** Press play for a full immerse experience but don’t watch if you don’t want spoilers **
After you’ve watched Korean dramas for years, you start to become numb to how they explore trauma, grief and financial duress. It’s always the same story with the nightmares, the phobias and the hell-bent mission for revenge.
But in Just Between Lovers, the story is playing out so quietly that it demands me pay attention to how real people could be suffering in the same ways as the protagonists.
The story is about a group of people who are trying to live after a shopping mall collapsed a decade past, killing 45. From survivors to family who have lost loved ones, you can imagine the issues are wide-ranging.
How do you remember the dead? What does trauma look like? How do you seek justice for those who died wrongfully?
In Just Between Lovers, it looks like everyday life.
Unlike some other dramas, where the primary conflict of the entire story is a very specific phobia, it’s harder to tell what the main issue is with these refreshing characters. For once I’m not able to categorize them perfectly because they are so three-dimensional — as real people are.
It’s a bit hard to explain without an example so let’s first look at Lee Gang Doo.
Judging from just eight episodes, he seems to have gotten the worst of it. He was trapped for days under the weight of that building. He wanted to become a soccer player but his leg was injured. His father died in the collapse and he became the sole breadwinner in his family at the age of 15. His sister grew distant from him despite the lengths he has gone to make money to pay off their debt. He can’t survive without painkillers that he gets from an illegal drug operation run out of a dingy grandmother’s apartment.
What a story, right?
But what makes him interesting isn’t all of that. Rather, it’s his relentless optimism for life. He wants to live so badly that he’s willing to tolerate everything life has handed to him. While he consistently hates on the world through his words, every one of his actions betrays him. He is by far the most optimistic character I’ve watched in a Korean drama. And his spirit for life is infectious.
The drama doesn’t ask us to feel sorry for him. It doesn’t portray him as helpless. What I feel after spending 16 hours with him is immense respect, and most importantly, faith that he can pull through and find the light of day. That to me is much more powerful than begging for us to throw a pity party every episode — and believe me — I’ve thrown more than enough pity parties.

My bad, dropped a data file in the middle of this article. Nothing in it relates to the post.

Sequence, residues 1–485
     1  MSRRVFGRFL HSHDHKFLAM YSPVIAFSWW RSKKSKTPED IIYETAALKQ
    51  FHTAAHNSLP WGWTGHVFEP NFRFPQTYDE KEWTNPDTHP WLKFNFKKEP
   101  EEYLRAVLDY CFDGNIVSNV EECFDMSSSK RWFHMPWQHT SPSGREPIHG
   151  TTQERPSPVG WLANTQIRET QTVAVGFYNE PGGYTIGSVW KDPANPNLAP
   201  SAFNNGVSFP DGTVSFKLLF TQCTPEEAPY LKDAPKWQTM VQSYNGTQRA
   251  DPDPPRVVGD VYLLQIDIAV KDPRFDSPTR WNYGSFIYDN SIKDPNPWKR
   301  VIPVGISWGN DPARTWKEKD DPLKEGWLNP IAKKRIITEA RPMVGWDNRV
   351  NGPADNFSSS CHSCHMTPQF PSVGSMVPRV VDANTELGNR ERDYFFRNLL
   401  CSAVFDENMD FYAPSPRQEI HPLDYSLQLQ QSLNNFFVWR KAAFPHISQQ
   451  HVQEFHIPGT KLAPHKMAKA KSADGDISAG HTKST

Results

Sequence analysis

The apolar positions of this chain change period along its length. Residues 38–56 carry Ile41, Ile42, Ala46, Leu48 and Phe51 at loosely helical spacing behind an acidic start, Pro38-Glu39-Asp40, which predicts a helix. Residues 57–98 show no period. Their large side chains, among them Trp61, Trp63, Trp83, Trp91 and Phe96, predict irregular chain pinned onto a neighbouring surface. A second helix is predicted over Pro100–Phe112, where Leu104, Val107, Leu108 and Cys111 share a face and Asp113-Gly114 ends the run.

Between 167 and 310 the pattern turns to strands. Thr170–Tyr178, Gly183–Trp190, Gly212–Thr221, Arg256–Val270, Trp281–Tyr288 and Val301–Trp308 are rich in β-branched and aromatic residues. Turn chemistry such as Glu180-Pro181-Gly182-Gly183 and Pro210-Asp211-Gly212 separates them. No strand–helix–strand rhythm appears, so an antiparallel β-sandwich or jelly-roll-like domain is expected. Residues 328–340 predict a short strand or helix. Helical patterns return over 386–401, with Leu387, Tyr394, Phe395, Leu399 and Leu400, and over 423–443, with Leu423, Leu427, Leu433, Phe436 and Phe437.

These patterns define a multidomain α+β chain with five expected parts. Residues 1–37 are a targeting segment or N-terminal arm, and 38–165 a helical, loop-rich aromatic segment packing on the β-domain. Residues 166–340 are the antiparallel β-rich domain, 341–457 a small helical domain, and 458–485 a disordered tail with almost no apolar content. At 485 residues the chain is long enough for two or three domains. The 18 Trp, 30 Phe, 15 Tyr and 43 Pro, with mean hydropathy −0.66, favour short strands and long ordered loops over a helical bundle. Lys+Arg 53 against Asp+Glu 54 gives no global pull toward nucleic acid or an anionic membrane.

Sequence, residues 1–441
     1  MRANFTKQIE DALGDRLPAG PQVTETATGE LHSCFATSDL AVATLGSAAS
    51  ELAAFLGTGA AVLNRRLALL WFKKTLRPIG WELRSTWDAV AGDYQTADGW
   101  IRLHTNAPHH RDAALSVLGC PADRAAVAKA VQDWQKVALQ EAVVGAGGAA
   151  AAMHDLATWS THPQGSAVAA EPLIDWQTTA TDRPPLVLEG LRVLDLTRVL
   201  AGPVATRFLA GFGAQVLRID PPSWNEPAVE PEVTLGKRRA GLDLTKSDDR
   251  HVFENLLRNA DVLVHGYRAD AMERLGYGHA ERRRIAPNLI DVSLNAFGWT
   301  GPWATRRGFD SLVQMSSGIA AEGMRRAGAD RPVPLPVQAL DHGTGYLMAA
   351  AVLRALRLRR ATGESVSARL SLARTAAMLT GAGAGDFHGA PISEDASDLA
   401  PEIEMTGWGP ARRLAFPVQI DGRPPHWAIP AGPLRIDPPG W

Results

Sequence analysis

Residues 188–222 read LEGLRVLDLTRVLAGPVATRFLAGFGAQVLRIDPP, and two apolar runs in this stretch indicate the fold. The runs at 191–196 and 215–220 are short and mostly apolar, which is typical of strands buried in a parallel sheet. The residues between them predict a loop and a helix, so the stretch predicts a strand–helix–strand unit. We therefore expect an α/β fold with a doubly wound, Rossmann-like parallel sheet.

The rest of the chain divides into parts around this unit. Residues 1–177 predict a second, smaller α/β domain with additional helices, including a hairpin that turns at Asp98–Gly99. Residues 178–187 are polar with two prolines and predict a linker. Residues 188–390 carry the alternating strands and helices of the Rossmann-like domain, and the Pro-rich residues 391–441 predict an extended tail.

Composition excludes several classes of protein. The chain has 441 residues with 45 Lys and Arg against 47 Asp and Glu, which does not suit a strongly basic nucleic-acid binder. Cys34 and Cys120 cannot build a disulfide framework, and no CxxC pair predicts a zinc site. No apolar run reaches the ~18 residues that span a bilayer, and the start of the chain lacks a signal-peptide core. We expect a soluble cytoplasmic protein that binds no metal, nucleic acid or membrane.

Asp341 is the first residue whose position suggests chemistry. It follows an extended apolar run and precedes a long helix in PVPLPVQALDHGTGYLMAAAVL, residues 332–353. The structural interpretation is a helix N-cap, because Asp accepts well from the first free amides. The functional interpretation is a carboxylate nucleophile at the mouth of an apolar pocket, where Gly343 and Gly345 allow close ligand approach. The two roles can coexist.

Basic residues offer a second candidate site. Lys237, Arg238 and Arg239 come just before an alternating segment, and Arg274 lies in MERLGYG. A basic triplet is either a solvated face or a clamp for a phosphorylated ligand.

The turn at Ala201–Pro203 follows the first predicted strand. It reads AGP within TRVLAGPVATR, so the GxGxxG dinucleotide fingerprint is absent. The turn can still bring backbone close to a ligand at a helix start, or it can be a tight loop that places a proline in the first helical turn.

On the other side of the coin is Ha Moon Soo, who was also trapped in the collapse and lost her younger sister. It’s very easy to take her character and turn her into a woman out for vengeance. At first that’s what I thought she was going to be when I saw she had gotten into architecture as an adult, but boy was I wrong.
Is she upset at the people who made mistakes? Absolutely. But more than that, what she truly wants is for her and her grieving mother to live a normal life.
She’s not interesting because she became a great architecture model builder after the building collapse, but because she continues to stand by her alcoholic mom despite being treated as second to her dead sister for years.
It’s hard to not pay attention while watching this drama because everything is so nuanced and so low key.
The writers didn’t make it a huge deal that Moon Soo’s best friend has a disability and needs a wheelchair. They didn’t make it a huge deal that Gang Doo has an intimate familial relationship with a host club boss lady. They didn’t make it a huge deal that his best friend is developmentally delayed. And they didn’t make it a huge deal that Moon Soo’s parents live separately without being divorced.
Because you know what? It’s normal. It’s all normal and a part of life.
We’re so used to seeing Korean dramas up-play societal issues and almost sensationalize them. We forget that people who have experienced trauma continue to live with experiences like joy and love and relief and excitement along with their losses.
And sometimes when we characterize trauma, it can be hard for us to understand it it really is like. Gang Doo, Moon Soo and her mom all have survivor’s guilt, but the way they deal with it is incredibly different. Gang Doo wants to forget it, Moon Soo wants to move on and her mom refuses to let herself live because she is so guilty of not having been there to protect her daughter.
By portraying trauma as aspects of characters rather than making them into entire characters, the audience will start to see it as a multi-faceted issue as it is in real life.
Now we can’t talk about the characters without a word for the actors. What a brilliant cast the production team chose. From fresh-faced Won Jin Ah to Lee Jun Ho, who you would’ve never guessed is a K-pop idol, to supporting characters who even show up just for two minutes to act their grief, they really help you immerse yourself in the drama by portraying their roles so well.
And the chemistry, how do I even begin? Not once does the drama betray its title and its purpose. While the 16 episodes continue to explore trauma and loss, it is first and foremost, a love story. And an ordinary one.
Gang Doo loves Moon Soo “just because.” And Moon Soo can’t think of why she loves him “because there are too many reasons.” At its core, and a literal translation of the title, the drama is just about the relationship between two people who love each other.
The pacing, the music, the editing all hit the right spots. It’s not a drama without flaws. But it’s real in how painfully raw it is, and it says so much without having to scream. And for that, Just Between Lovers doesn’t only score high, but it’ll be one of very few to stay in my heart.